Friday, October 25, 2013


'IVLIA BELLA' (tr. Julia the Beautiful)
Lover's Cup, Casteldurante, first half of the XVI th century, private coll. 

In the Renaissance period in Italy gentlemen started the tradition of offering ceramic gifts as a token of  their love and devotion and to celebrate their bethrotal and any important event in the couple's married life. They were called 'Loving Cups': round ceramic plates with the portrait of the bride to be and a flying ribbon with the young lady's name and bella (beautiful) or gentile (kind) inscribed on the ceramic ornament. 
Sometimes the 'Lover's cup' had a painted portrait of the couple. There could also be a written dedication on the ribbon, a saying or a proverb. 
'UN BEL VOLTO VALE PIU' CHE SENO E ROBA' (tr. A beautiful face is worth more
than breast and possessions),  Lover's cup, Casteldurante,
first half of the XVI the century  (Hermitage Museum)

The ceramic lover's cup tradition started in Casteldurante, Italy at the end of the 15th century. Casteldurante was a  famous Renaissance ceramic town located in Le Marche region, known nowadays as Urbania. Soon after this tradition expanded to my ceramic home town, Deruta.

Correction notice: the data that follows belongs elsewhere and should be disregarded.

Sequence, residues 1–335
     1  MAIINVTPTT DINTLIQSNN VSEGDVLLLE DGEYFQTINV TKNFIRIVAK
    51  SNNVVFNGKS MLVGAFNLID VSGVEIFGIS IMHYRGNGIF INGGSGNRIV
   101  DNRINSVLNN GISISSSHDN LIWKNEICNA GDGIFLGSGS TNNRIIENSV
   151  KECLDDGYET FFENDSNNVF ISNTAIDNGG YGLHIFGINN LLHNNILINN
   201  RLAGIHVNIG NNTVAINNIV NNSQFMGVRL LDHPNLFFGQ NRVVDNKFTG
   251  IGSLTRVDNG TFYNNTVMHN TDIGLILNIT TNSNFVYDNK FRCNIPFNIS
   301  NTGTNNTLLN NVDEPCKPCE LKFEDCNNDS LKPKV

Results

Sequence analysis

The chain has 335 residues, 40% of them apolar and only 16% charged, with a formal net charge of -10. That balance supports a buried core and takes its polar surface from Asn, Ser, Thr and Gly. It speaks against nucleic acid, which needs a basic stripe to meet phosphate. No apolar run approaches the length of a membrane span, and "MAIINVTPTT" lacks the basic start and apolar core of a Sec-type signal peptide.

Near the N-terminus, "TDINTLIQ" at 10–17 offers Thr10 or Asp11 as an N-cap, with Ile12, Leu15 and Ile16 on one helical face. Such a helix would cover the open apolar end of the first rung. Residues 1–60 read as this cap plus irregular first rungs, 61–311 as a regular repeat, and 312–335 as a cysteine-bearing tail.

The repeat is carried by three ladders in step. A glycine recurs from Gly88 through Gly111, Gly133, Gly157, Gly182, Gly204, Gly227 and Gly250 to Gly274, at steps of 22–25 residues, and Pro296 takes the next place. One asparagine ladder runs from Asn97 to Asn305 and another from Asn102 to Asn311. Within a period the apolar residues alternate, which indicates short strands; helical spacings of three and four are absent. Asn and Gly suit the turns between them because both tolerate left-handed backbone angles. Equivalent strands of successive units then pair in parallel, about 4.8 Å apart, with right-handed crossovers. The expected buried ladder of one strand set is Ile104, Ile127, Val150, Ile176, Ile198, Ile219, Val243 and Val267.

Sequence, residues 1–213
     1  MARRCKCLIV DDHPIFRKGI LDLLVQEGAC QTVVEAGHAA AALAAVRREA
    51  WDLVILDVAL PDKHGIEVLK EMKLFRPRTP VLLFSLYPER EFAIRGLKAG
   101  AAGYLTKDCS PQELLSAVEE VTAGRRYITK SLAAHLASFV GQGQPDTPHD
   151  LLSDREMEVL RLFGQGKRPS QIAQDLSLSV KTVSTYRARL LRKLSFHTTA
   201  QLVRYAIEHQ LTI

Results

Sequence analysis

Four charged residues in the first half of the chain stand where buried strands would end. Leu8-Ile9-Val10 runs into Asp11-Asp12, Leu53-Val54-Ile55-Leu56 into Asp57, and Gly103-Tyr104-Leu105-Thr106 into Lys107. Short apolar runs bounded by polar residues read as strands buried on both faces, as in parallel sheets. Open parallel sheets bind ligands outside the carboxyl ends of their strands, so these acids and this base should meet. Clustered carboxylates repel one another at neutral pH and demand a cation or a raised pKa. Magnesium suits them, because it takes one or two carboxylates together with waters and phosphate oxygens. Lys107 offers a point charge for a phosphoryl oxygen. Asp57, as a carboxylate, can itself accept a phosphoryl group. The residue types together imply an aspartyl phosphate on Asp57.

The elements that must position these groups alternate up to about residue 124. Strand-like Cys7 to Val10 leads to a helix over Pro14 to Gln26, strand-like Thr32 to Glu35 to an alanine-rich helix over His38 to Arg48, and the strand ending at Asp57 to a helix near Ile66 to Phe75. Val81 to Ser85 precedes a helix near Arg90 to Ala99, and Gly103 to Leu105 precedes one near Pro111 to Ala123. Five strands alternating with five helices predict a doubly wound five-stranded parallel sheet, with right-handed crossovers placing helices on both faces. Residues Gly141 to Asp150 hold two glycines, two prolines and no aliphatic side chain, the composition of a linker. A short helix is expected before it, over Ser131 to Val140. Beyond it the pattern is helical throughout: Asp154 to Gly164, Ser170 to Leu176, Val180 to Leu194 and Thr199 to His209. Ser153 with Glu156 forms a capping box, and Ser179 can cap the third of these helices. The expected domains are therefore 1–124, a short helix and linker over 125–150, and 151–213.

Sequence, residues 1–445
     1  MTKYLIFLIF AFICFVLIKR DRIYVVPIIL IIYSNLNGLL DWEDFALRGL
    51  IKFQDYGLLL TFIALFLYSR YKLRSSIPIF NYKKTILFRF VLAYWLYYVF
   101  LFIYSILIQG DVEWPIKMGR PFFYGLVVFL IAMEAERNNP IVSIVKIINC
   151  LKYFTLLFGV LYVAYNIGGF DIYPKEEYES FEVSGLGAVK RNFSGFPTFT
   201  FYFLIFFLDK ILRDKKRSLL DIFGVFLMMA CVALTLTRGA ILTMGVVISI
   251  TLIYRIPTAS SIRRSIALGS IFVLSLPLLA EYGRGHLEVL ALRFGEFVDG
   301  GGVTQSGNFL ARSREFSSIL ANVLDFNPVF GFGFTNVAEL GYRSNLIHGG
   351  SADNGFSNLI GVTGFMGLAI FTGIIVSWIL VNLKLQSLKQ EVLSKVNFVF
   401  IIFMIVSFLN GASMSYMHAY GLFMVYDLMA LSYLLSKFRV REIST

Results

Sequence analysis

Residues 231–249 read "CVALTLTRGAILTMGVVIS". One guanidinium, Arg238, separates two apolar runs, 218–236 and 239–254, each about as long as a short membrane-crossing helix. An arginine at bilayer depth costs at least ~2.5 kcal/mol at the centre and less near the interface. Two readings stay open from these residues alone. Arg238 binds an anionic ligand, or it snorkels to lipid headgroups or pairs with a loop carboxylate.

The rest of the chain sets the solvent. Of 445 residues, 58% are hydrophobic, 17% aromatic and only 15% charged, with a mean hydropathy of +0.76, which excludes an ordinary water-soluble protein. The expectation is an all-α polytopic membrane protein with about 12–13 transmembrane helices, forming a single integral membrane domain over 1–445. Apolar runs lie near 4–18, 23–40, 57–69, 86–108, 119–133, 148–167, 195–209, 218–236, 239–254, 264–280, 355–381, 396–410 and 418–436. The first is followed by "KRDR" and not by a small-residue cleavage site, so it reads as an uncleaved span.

Ceramicists had ceramic ladies' portrait samples available in their workshops and lover's cups were made upon special orders by additing custom made dedications to the selected model. As simple as that. 
'OGINI TEN [...] IENE CHI PO' (tr. ?)  Lover's cup, Casteldurante, 1530-1540 (Hermitage Museum)

In Deruta and other ceramic towns in Italy the 'Lover's cup' tradition lasted until the 18th century. Lover's cups were commonly known as 'BELLAs plates'. This may be the reason why it was said that men used to come to Deruta to meet their brides. What was the reason for choosing Deruta? After all there are beautiful young ladies everywhere in Italy and in the rest of the world. It must be some kind of heritage of the BELLA plates. This must the reason. It must be it. 

This thought came to my mind when I met my beloved last year in January with about a thirty years delay. I told him that it was not his fault, he was not informed about this Deruta tradition as he originally comes from Northern Italy: he should have driven towards the river Tiber instead of driving the opposite direction. This is what traditions are for, they make life easier. I was lucky to move to Piegaro and find him myself. I am glad it is never too late and time is a state of mind. Places aren't and I feel lucky that Fortune brought me here at last.                                                                                                                                                                          


Original Posts by Roberta Niccacci -

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